Tangier’s color is multi, for its star-cut architecture, vibrant textiles, colorful cuisine and gem-tone tiling (a style that originated here with the Moors, and traveled to Spain, to Portugal, even to Florida where I call home, cuz it’s just so cool we can’t do without multicolored tiles). Beware that if you self-tour Tangier, you are likely to lose time getting lost in the labyrinthine streets and markets and heckled more by peddlers (selling things more authentic to China than Morocco).
Strait of Gibraltar coastline. Olives! Our tour was immersive as it took us both through the city by bus and through the markets on foot, lunching (included) at what I can say is probably one of Tangier’s more iconic stops for cuisine. Mamounia Palace had such a deliciously colorful, musical atmosphere, I was actually overwhelmed with all the visual and sensory intrigue of this place.
Delicious couscous and actually-in-Morocco authentic Moroccan mint tea. So good. Stepping into this gift shop felt like uncovering a long-undisturbed artifact room, Indy style. Magic carpets for sale.
Gibraltar, United Kingdom
If you said, “Wait, what?” to the UK part, you’ll be as intrigued as I was my entire tour of Gibraltar: the city, the country, the British overseas territory. Gibraltar’s color is blue and red, for its national charm and British pride. What is the Rock of Gibraltar? Is it a rock or a mountain? or a city? It’s such a fascinating state. Gibraltar is a rock and a mountain and a city and its own country. This British colony is part of the European Union, governed by the British, mostly inhabited by Spanish, and speckled with British visitors and residents here and there. Gibraltar has its own soccer team, its own national flag, British phone booths and skinny streetways that feel like London jam-packed into two and a half square miles of limestone rock that is neither Spain nor Africa, both of which can be seen from the Rock in one vista. No pano stitch required. Europe and Africa in one shot, view from atop the Rock. I found Gibraltar to have the most fascinating history of all the places I visited on this adventure. The Rock has a long military history, having been used as a fortress and naval base both during the Napoleonic War and World War I. The giant iron fastenings Napoleon had installed for his forces to slowly trek canons up and down the rock can still be seen along the road to the top. The Rock itself contains over 200 caves, military stores and barracks, and an interior 34 miles of tunneled roads… that’s more miles of roads inside the rock than in its town outside! Now that is a tour for another day. I had great expectations of reaching the top of the Rock, 1,398 feet above the sea, stepping a foot on the highest stone and looking out over Africa. Well this didn’t occur, because the top is not a rock you can pretend to claim. But truth is often stranger than fiction. The cap of The Rock of Gibraltar is actually a CAVE! A spectacular self-tour cave, St. Michael’s Cave is now host to performances and events, with full stadium seating and delicious multicolored lighting effects. It was a wonderful chance to explore a few winding caveways at your own pace (unless you’re on a tour bus, then you gotta jet back to the bus on time, but it saves you having to hike up the Rock). Outside the cave and surrounding the summit of the Rock is home to over 200 Barbary macaques, glorified in Gibraltar’s souvenirs as the “Gibraltar Monkeys”. My husband said this image made him want to see the cave more than seeing the cave made him want to see the cave, ha. I’m a cave nerd, so finding and photographing this cross section of a stalactite was truly the souvenir that made my day. He’s guarding the overlook sign. If you get more time than I did in Gibraltar, take time to ride the cable car, hang around in upper and lower town, see if you can find a tunnel tour, or visit historic places of British influence, including places that hosted the Queen’s visit in 1954, and the courthouse where John and Yoko got married. Have your chocolate cake in a bag and eat it too. Gibraltar is a wonderful and unique place to explore. I must also mention, probably the one and only spot in the world where you have to stop at a red light to wait for airplane traffic, as crossing the border into Gibraltar is controlled by a light trafficking both cars and airplanes (you literally drive over the airport runway to get into town). So crazy!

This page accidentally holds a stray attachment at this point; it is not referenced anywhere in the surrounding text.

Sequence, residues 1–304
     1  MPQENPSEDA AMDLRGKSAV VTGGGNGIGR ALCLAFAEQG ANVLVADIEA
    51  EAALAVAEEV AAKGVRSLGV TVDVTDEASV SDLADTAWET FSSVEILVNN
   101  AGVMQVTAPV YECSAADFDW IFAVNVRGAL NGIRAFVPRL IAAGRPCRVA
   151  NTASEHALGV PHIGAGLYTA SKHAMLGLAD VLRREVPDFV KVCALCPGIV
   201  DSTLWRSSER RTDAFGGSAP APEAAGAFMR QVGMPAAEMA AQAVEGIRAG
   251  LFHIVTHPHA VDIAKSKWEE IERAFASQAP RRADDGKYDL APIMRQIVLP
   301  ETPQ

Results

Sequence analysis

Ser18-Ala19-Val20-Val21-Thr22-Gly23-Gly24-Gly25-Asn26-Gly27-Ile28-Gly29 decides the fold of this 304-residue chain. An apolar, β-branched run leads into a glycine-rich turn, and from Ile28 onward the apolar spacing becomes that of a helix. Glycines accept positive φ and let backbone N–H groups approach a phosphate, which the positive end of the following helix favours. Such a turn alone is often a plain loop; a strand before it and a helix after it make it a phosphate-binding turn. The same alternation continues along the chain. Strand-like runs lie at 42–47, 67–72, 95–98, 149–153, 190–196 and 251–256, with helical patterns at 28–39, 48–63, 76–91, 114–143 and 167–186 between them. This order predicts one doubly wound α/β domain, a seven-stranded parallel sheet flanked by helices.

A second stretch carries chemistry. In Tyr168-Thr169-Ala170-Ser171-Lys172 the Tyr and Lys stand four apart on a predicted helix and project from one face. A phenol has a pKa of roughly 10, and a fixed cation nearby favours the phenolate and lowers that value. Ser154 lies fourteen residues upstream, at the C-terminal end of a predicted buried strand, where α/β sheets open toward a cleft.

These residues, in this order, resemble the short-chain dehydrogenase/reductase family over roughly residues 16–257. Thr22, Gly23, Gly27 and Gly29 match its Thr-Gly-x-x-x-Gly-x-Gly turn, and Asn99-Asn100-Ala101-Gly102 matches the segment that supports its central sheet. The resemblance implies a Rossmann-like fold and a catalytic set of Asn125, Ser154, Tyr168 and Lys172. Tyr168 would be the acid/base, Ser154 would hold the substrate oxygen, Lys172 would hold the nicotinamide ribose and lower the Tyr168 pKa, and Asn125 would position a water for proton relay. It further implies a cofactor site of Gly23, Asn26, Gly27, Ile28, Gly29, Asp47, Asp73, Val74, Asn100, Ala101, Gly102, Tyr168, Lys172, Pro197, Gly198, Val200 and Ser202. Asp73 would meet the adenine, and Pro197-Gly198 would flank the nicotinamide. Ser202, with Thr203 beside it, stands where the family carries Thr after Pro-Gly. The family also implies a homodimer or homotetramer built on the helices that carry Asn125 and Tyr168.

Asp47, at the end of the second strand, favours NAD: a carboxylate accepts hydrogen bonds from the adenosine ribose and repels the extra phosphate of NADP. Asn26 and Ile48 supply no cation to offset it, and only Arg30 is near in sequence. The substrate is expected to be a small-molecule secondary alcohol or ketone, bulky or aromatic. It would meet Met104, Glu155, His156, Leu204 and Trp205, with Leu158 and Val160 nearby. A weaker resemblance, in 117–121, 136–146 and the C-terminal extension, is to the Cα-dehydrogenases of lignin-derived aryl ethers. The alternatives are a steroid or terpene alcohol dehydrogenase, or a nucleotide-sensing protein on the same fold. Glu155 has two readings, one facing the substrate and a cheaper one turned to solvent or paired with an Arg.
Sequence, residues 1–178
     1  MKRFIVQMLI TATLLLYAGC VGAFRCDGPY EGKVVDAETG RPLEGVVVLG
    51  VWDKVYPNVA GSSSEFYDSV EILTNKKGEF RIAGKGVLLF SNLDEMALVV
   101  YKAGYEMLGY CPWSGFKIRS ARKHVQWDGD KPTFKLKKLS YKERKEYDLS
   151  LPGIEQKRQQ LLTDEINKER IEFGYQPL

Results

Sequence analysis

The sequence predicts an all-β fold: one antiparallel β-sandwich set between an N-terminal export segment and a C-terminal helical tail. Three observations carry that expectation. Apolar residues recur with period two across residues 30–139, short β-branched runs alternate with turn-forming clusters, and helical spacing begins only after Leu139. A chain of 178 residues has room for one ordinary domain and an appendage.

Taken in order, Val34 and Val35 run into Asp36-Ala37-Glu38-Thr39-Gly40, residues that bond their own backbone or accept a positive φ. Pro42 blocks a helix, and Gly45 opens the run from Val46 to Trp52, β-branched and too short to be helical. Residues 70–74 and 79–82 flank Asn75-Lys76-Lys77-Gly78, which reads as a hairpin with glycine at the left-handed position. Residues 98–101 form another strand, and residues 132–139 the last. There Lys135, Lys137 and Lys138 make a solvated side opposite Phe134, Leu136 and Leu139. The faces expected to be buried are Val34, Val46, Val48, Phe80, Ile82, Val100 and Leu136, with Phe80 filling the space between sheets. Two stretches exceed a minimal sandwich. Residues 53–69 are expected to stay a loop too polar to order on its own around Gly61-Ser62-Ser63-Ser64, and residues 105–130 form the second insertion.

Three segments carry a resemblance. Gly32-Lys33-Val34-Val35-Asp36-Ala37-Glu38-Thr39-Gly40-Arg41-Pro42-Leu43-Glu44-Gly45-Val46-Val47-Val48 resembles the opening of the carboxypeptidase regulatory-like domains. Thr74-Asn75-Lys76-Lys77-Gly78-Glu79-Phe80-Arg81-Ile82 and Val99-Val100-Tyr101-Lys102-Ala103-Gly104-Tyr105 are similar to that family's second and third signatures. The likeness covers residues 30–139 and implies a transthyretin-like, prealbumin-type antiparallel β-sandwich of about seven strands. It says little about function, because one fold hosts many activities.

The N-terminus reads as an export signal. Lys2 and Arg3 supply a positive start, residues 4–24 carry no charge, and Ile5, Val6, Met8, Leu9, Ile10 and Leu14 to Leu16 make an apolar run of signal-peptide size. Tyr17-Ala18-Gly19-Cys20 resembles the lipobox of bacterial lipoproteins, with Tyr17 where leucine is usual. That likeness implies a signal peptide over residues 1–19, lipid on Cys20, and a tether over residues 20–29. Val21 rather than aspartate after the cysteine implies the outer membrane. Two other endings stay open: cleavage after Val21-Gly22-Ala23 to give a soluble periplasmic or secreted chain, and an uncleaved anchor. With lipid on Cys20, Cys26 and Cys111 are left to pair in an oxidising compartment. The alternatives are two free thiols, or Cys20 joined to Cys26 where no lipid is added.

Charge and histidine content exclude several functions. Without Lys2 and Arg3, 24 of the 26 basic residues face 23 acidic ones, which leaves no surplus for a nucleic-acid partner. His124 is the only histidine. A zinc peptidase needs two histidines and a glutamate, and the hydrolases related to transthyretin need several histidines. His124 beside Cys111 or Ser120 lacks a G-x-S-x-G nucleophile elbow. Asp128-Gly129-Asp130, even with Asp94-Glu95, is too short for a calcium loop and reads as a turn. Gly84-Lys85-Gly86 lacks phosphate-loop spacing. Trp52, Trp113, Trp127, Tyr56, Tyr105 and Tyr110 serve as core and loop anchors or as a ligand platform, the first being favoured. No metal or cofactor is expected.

Morning sight in the countryside of Estepona on the way to Gibraltar.Sierra de Mijas, Spain, upon departure.